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From: Johan Nilsson (johan.nilsson_at_[hidden])
Date: 2005-03-07 03:48:22

> "Aaron W. LaFramboise" <aaronrabiddog51_at_[hidden]> wrote in message
> Over the past few years, the style of our abstract interfaces for
> system-dependent features has bothered me more and more. Here’s my
> challenge to those happy with the status quo: Find me an interface in
> Boost or the C++ standard that represents an observable inter-program
> interface, such that, for any popular operating system, I can’t find a
> feature of the operating system that is impossible to express using that
> interface without relying on undefined behavior, undocumented behavior,
> or circumventing access specifiers.


> So here’s my question to the Boost community. How many people have
> similar concerns and experiences? How often, in real code, do concrete
> classes prove insufficient? Who here has to entirely reimplement
> libraries like Boost.Threads for relatively silly reasons? Are there
> any alternate solutions for the problem I describe? What unforeseen
> problems might there be with this polymorphic style? Would you use a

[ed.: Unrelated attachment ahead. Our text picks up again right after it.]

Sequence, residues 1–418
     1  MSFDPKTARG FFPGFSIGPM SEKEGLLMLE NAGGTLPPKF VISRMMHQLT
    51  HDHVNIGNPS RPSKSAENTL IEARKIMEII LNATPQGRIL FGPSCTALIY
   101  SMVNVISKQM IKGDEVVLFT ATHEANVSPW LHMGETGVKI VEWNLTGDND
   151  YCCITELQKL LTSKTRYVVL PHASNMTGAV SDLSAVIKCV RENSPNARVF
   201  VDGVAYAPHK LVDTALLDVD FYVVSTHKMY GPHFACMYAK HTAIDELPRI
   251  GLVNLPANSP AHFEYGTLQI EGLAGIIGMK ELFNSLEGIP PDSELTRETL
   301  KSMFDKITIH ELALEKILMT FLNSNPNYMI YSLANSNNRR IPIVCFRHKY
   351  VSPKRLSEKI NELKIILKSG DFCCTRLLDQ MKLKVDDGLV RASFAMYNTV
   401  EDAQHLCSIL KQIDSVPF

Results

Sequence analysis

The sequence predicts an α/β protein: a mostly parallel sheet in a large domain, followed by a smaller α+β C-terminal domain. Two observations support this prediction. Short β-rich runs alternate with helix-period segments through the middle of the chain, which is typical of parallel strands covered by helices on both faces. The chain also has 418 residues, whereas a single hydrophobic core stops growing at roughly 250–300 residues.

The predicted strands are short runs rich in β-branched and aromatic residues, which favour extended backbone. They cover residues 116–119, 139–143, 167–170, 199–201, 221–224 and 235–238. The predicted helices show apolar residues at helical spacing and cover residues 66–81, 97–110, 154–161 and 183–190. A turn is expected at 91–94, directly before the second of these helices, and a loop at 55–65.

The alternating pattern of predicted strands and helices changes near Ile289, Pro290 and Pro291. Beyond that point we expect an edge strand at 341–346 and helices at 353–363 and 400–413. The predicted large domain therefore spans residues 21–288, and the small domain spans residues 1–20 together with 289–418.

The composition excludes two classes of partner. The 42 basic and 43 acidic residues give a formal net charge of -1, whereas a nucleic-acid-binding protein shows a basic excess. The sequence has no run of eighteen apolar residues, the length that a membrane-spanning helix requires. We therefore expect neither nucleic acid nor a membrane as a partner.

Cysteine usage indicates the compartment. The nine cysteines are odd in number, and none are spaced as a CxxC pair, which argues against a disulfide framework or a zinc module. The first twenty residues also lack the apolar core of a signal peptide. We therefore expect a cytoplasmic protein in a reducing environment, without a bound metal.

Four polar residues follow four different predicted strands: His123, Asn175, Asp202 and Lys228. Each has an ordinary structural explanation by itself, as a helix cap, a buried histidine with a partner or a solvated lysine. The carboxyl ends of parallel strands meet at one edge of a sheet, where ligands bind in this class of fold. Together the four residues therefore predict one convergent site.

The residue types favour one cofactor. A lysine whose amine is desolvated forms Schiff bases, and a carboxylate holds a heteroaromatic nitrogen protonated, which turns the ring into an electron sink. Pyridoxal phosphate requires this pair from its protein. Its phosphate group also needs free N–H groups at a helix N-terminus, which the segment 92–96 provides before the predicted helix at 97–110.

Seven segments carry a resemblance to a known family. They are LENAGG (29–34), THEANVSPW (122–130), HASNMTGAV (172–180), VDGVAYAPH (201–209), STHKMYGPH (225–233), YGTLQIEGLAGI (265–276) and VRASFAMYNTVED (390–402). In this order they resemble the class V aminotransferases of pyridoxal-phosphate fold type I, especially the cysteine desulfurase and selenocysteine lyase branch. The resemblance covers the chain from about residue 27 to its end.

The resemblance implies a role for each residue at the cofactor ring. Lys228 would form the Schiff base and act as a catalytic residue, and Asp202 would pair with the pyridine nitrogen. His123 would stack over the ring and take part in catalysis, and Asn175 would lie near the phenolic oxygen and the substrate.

> library such as Boost.Thread if it had been rewritten in this manner?

I'd guess that most people using e.g. Boost.Thread (and have been using
native threads previously) feel limited by the exposed interface. There's
still "nothing" you can't do by getting to the current native thread
handle/id and using the native API to do what you wan't to do - providing
that you are willing to put in some additional work and/or drop portability
in your code.

That aside, I've had similar thoughts myself, but I was more into CT
polymorphism (using policy classes to expose additional functionality). Some
pseudo-code would be:

template<typename T>
class portable_threading_api {

template<typename T>
class win32_threading_api {
  bool exit_thread(DWORD errorCode) // make virtual?
    return (FALSE !=
  int set_thread_priority(...);

template<typename T>
class posix_threading_api {

template<typename ThreadingApi = portable_threading_api>
class thread
 : public ThreadingApi<thread>

Using the above, people wanting to write portable code could limit 
themselves to use thread<>, people needing additional Win32-specific 
functionality could use thread<win32_threading_api>, etc. As more features 
were portably implemented, people could move from platform-specific to 
portable implementations (if they would like to).
Just some additional food for thought.

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